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T a p v c


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Published in: Health & Medicine

T a p v c

  1. 1. Total Anomalous Pulmonary Venous Connection TAPVC is a congenital heart defect in which the pulmonary veins do not connect normally to the left atrium. Instead they connect to the right atrium, often by way of the superior venacava. Relatively rare, it occurs in about 1 in 17,000 live births.(Fulton,2008).ASD or foramen ovale always present. Right to left shunt. Accounts for only 1-2% of CHD.
  2. 2. Total Anomalous Pulmonary Venous Connection (TAPVC) 1 - superior vena cava 2 - atrial septal defect 3 - left innominate vein 4 - pulmonary veins Oxygenated blood returning from the lungs is routed back into the superior vena cava, rather than the left atrium. The presence of an atrial septal defect is necessary to allow partially oxygenated blood to reach the left side of the heart.
  3. 3. Pathophysiology Oxygenated blood that would normally enter the left atrium now enters the right atrium and passes to the right ventricle. As a result the pressure on the right side of the heart increases, leading to hypertrophy. TAPVC is incompatible with life unless there is an associated defect present that allows for shunting of blood from the highly pressured right side of the heart. A patent foramen ovale or an ASD is usually present.
  4. 4. Since none of the pulmonary veins connect normally to the left atrium, the only source of blood to the left atrium is blood that is shunted from the right atrium across the defect to the left side of the heart. The highly oxygenated blood from the lungs completely mixes with the poorly oxygenated blood returning from the systemic circulation. This causes an overload of the right atrium and right ventricle. The increased blood volume going into the lungs can lead to pulmonary hypertension and pulmonary edema. (Fulton,2008; Miyamoto etal,2011)
  5. 5. Types Supracardiac (type 1): The pulmonary veins drain into the right atrium through the superior venacava.(50% of cases) Cardiac (type 2): There are two types: The pulmonary veins can directly enter into right atrium. Or the pulmonary veins can drain into the coronary sinus.(30% of cases)
  6. 6. Infracardiac (type 3): The pulmonary veins drain into the right atrium through the liver(hepatic) veins and the inferior vena cava.(15% of cases). Mixed (type 4): The pulmonary veins split up and drain partially to more than one of these options.(5% of cases).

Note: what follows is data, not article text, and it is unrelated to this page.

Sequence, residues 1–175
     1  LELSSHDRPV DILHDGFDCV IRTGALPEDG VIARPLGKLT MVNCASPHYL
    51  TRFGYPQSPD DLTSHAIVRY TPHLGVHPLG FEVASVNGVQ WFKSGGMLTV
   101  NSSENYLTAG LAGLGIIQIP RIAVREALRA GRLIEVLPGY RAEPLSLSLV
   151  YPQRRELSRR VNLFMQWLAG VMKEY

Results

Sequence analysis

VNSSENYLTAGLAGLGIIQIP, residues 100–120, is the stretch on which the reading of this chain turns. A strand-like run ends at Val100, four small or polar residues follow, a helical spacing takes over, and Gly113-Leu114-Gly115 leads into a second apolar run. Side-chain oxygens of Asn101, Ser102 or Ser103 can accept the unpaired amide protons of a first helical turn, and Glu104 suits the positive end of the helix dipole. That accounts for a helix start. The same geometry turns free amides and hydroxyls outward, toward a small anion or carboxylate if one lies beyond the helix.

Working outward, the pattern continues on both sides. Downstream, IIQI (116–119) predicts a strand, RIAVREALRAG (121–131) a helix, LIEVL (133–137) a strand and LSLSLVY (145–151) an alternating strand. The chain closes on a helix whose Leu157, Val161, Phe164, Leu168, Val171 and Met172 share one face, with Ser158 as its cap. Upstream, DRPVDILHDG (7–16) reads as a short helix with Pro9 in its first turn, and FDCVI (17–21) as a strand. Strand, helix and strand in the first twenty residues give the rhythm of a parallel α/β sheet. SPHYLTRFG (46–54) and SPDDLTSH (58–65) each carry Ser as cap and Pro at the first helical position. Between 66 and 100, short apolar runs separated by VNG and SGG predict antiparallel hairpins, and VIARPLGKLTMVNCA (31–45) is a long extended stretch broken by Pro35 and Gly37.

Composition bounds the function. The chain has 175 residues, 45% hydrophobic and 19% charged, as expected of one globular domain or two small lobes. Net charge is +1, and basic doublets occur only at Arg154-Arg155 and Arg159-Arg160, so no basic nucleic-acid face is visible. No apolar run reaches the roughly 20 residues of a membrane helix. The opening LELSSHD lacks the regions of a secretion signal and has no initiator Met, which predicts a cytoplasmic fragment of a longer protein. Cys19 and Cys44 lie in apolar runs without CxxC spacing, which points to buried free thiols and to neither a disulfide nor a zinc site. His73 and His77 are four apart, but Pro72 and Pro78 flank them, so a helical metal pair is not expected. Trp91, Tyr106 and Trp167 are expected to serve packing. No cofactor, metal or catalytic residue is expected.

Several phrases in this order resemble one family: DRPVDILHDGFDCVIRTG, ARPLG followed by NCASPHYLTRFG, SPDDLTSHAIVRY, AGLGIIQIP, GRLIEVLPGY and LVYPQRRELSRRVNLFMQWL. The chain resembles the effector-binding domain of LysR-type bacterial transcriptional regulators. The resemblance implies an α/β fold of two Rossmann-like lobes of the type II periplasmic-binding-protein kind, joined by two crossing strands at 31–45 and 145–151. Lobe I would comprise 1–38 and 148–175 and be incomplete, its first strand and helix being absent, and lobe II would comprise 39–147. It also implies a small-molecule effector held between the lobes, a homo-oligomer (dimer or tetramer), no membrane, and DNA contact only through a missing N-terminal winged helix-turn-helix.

7. 7. T A P V C - Supracardiac
  8. 8. T A P V C - Cardiac
  9. 9. T A P V C - Infracardiac
  10. 10. Clinical manifestations Depends on the presence of obstruction to pulmonary venous drainage and size of ASD. In supracardiac type without obstruction: mild cyanosis, CHF, S2 wide and splitted. Infracardiac type is always obstuctive. Infants are always symptomatic, Pulmonary hypertension, cyanosis, tachycardia etc.
  11. 11. Investigations Chest x-ray: normal or mildly cardiomegaly Varying degrees of pulmonary edema ECG: With obstruction: RV volume overload Right axis deviation RVH
  12. 12. Echocardiograhy: confirms the diagnosis. Right heart volume overloaded ASD if present. R-L atrial level shunting PulmonaryVein(site of drainage and degree of obstruction) Cardiac catheterization : To visualise the abnormal connection of pulmonary veins particularly if an obstruction is present.
  13. 13. Treatment options TAPVR requires open-heart surgery in all cases. Critically ill newborns will have surgery immediately. If the child is not critically ill, doctors may wait up to two months to perform surgery, depending on the strength of the child and on the heart anatomy.
  14. 14. Surgery: In TAPVC, the pulmonary veins despite their abnormal connections to other veins, all end in a collection(called a ‘confluence’) at the back of the left atrium. The surgeon opens the confluence so that the veins can drain into the left atrium. Then ties off all the abnormal connections between the pulmonary veins and other veins, so that blood can follow only the path to the left atrium. The surgeon also closes septal defects with tiny patches or stitches, and closes the PDA. As the child ages, the lining of the heart grows over the stitches. In a nutshell surgery is, the pulmonary vein is repositioned to the back of the left atrium & the ASD is closed.
  15. 15. Nursing management Preoperatively note history of cyanosis, tiring easily and difficulty in feeding. Observe the chest for prominence of right ventricular impulse & retractions with tachypnea. Auscultate the heart, noting fixed splitting of the second heart sound & a murmur. Palpate the abdomen for hepatomegaly. Postoperatively, monitor for dysrhythmias, heart block & persistent heart failure.
  16. 16. Prognosis Prognosis without surgery is poor, with 80% of symptomatic infants dying before 1 year of age. There is no long-term palliative intervention for TAPVD & total correction is necessary for all cases. The long-term results for survivors of the surgery are generally good.
  17. 17. Late death following repair is uncommon but, when it occurs, it is often caused by intimal fibroplasia of the pulmonary veins away from the anastamosis.
  18. 18. Thank You… Deepa Merin Kuriakose Assistant Professor Govt. College of Nursing, Kottayam